Apple USB to EthernetSo, I recommend the Apple device. I event posted a comment on the Apple Store, titled “Perfect for Linux”! I hope the Apple droids won’t censor it. Don’t hesitate to buy it, so that we can confirm that the latest reference is supported too.

I can’t tell whether this could happen with Apple. This was the first Apple device I ever bought…

Program for Embedded Linux Conference 2009 announced

CELF penguinThe program for the Embedded Linux Conference 2009 has been announced a few days ago, and the registration is now open. For the record, the Embedded Linux Conference is probably the largest technical conference specifically dedicated to the use of Linux on embedded systems. Organized by the CE Linux Forum every year, this conference gathers a large audience and a wide range of very interesting talks.

The 2009 edition of ELC will take place from April 6th to April 8th, in downtown San Francisco, in the United States.

The program features :

  • Almost 50 talks, tutorials and keynotes. The topics go from multimedia, flash filesystems, system initialization, memory management, instrumentation and debugging tools, real-time, embedded distributions, system building,
  • An opening keynote by Dirk Hohndel from Intel
  • A keynote by David Woodhouse, one of the two embedded Linux maintainers
  • Other famous speakers such as Paul Mundt (maintainer of the Linux port to the SuperH architecture), Kate Alhola (from Maemo/Nokia), Dan Malek (from Embedded Alley), Mike Anderson (the PTR group, famous for his JTAG tutorial), Jake Edge (from LWN), Klaas van Gend (from Montavista), Frank Rowand (from Sony, famous for his real-time adventures talk), Jim Ready, Denis Oliver Kropp (DirectFB main developer)
  • A panel on The Linux Kernel, what’s next with Jonathan Corbet, Greg KH, Andrew Morton, Keith Packard and Ted Ts’o
  • And last but not least, a talk from Michael Opdenacker, Bootlin, on flash filesystems.

Of course, both Michael and I will attend the conference. Hope to meet you there!
Golden Gate Bridge

Embedded Linux Conference Europe 2008 videos

Together with the announcement of our free mainlining offer in our Linux kernel and bsp development services, we are pleased to announce the availability of new conference videos.

The CELF Embedded Linux Conference Europe (ELCE) and the NLUUG Autumn Conference on Mobile Computing took place last November in Ede, in the Netherlands.

For those who don’t know them yet, the Embedded Linux Conference (ELC) and ELCE are in our opinion the most interesting conferences for embedded Linux system developers. They cover only interesting topics, such as power management, boot time, flash storage, security, graphics, mobile applications and many more.

This time, four people shot videos: Ruud Derwig (NXP), Tim Bird (Sony), Thomas Petazzoni and Michael Opdenacker (both from Bootlin). Then, Thomas took care of reading the tapes and DVDs, and encoding them to Ogg/Theora, all this in just a few minutes of manual intervention, thanks to his super automated scripts.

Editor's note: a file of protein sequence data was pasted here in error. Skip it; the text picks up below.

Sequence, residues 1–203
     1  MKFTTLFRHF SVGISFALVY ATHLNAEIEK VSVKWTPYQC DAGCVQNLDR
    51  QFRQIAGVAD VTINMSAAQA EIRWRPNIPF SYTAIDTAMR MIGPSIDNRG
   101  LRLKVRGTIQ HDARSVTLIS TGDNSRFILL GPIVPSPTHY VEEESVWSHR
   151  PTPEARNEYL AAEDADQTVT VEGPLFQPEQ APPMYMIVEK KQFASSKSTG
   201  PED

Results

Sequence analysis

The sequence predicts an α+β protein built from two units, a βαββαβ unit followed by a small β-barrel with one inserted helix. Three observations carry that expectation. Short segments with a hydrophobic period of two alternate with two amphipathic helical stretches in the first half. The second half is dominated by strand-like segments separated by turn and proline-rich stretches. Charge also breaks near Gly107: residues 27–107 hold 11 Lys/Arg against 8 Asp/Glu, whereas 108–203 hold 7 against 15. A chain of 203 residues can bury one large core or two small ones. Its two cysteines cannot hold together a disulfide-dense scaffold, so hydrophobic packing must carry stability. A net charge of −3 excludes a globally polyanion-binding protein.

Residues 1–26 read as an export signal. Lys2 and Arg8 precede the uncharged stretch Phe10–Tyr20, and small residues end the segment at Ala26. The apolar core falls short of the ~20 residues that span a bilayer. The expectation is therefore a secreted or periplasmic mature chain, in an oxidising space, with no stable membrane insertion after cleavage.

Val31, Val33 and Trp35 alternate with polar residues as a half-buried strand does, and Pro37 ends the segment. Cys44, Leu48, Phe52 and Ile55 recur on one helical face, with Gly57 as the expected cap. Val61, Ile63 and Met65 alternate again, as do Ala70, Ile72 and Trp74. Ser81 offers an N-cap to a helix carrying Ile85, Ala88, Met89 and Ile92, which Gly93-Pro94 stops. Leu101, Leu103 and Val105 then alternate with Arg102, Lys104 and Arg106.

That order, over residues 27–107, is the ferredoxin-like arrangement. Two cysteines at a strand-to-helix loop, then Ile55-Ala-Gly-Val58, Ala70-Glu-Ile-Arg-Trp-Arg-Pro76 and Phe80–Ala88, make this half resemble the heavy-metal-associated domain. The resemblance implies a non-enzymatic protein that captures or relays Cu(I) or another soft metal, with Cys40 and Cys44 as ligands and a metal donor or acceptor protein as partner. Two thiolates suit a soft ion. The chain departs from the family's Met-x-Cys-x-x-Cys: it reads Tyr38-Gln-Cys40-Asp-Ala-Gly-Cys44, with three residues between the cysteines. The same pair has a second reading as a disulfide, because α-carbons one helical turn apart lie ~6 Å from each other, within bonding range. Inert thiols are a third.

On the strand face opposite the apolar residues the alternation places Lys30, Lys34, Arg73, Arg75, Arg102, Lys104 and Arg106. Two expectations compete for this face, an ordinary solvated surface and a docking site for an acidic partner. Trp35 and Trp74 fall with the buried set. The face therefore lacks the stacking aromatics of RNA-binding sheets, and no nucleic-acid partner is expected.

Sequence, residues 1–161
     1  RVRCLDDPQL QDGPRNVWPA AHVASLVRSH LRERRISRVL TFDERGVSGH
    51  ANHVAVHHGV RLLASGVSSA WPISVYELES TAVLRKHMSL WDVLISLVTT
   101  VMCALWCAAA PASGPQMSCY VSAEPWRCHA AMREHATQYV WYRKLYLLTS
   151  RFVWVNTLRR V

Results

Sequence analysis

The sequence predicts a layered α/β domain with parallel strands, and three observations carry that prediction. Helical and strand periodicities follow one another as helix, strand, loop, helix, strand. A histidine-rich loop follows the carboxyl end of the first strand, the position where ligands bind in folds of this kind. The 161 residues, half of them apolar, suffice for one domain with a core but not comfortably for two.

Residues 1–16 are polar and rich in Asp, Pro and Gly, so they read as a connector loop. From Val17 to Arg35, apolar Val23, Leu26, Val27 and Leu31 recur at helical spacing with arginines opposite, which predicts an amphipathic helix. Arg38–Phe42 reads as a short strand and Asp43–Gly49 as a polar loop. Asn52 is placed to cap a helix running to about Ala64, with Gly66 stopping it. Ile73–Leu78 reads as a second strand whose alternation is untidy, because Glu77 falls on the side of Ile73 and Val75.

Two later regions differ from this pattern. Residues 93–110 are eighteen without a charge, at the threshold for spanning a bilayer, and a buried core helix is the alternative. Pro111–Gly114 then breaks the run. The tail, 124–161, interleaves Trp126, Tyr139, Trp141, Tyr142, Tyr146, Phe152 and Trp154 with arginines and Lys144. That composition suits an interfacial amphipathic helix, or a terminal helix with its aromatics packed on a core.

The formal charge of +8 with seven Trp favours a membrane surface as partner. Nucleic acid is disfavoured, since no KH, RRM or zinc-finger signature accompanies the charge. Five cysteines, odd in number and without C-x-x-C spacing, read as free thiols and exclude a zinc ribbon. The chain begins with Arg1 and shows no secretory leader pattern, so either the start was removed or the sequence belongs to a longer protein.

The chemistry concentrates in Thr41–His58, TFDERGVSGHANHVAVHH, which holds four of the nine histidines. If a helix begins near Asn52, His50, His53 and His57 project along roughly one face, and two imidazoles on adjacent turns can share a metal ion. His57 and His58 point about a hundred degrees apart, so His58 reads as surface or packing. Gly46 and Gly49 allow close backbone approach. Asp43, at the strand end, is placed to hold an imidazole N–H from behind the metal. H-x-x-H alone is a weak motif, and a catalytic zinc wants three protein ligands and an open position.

Here are all the videos:

Speakers were supposed to post their slides on the CELF Wiki, but some of them haven’t done it yet.

If you don’t know which video to start with, here are the talks that Thomas Petazzoni and I preferred:

Of course, these are just our personal recommendations, from the talks we managed to attend. We are sure that many other ones are worth recommending.

Kernel and BSP development and mainlining

Offering free mainlining for Linux kernel, device driver and BSP development

Note: Due to the number of requests we get for mainlining work, we can no longer continue the offer described below.

Bootlin is best known worldwide for its kernel and embedded Linux system training sessions and its free training materials, and also perhaps for sharing videos from technical conferences.

However, did you know that Bootlin is not a training company?

We are actually embedded Linux system and kernel developers like the people we support, train and work for. This is essential to be good trainers, in addition to our passion for sharing what we learn. For example, have you ever had a look at the description of our engineering services?

In our training activity, we differentiate with other suppliers by offering custom sessions, being completely transparent with our training materials, costs and customer evaluations. Here’s how we can also make a difference in our development activity:

  • As in all our activities, by focusing only on the Linux kernel, device drivers, bootloaders, embedded and real-time system development.
  • By offering free mainlining to any customer who orders Linux board support packages or Linux device drivers from us. Having our code accepted in the official Linux and U-boot sources brings terrific benefits to our customers and can be a key contributor to the success of their products.
  • By working inside the Linux development community. Being part of it, we know this community very well: its people, its rules, its best practices and its best resources. This helps us to make the right decisions (if needed, collecting advice from the right people), and quickly obtain the expected results.

2008 contributions

Here are the contributions that we made to the user and developer community in 2008, thanks to the customers who ordered our engineering and training services.

As you can see, we do our best to have all our contributions merged into mainline sources. So, if you need a new feature in the Linux kernel (supporting your new boards, for example), in development tools and libraries (Buildroot, QEMU…), and want to enjoy this feature in all future updates and releases, don’t hesitate to ask us. We will be glad to work with the community and find a long lasting solution.

Linux kernel

  • [x86] use ELF section to list CPU vendor specific code (commit)
  • [MTD] fix minor typo in the MTD map driver for SHARP SL series (commit)
  • [x86] configurable DMI scanning code (commit)
  • [mm] directly use kmalloc() and kfree() in init/initramfs.c (commit)
  • [x86] consolidate the definition of the force_mwait variable (commit)
  • inflate: refactor inflate malloc code (commit)
  • fs/buffer.c: uninline __remove_assoc_queue() (commit)
  • [x86] make movsl_mask definition non-CPU specific (commit).